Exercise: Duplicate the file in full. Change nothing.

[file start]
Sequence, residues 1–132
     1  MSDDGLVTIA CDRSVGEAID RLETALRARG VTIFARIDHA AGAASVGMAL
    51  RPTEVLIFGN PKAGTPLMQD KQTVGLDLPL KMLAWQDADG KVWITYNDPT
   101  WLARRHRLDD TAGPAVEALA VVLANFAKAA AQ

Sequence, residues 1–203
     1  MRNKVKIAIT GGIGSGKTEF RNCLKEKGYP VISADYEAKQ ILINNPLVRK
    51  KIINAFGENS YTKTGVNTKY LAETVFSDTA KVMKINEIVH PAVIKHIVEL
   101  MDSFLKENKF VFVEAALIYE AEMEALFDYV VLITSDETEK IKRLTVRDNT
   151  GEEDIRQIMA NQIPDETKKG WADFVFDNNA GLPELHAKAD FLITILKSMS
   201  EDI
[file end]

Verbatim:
Sequence, residues 1–132
     1  MSDDGLVTIA CDRSVGEAID RLETALRARG VTIFARIDHA AGAASVGMAL
    51  RPTEVLIFGN PKAGTPLMQD KQTVGLDLPL KMLAWQDADG KVWITYNDPT
   101  WLARRHRLDD TAGPAVEALA VVLANFAKAA AQ

Sequence, residues 1–203
     1  MRNKVKIAIT GGIGSGKTEF RNCLKEKGYP VISADYEAKQ ILINNPLVRK
    51  KIINAFGENS YTKTGVNTKY LAETVFSDTA KVMKINEIVH PAVIKHIVEL
   101  MDSFLKENKF VFVEAALIYE AEMEALFDYV VLITSDETEK IKRLTVRDNT
   151  GEEDIRQIMA NQIPDETKKG WADFVFDNNA GLPELHAKAD FLITILKSMS
   201  EDI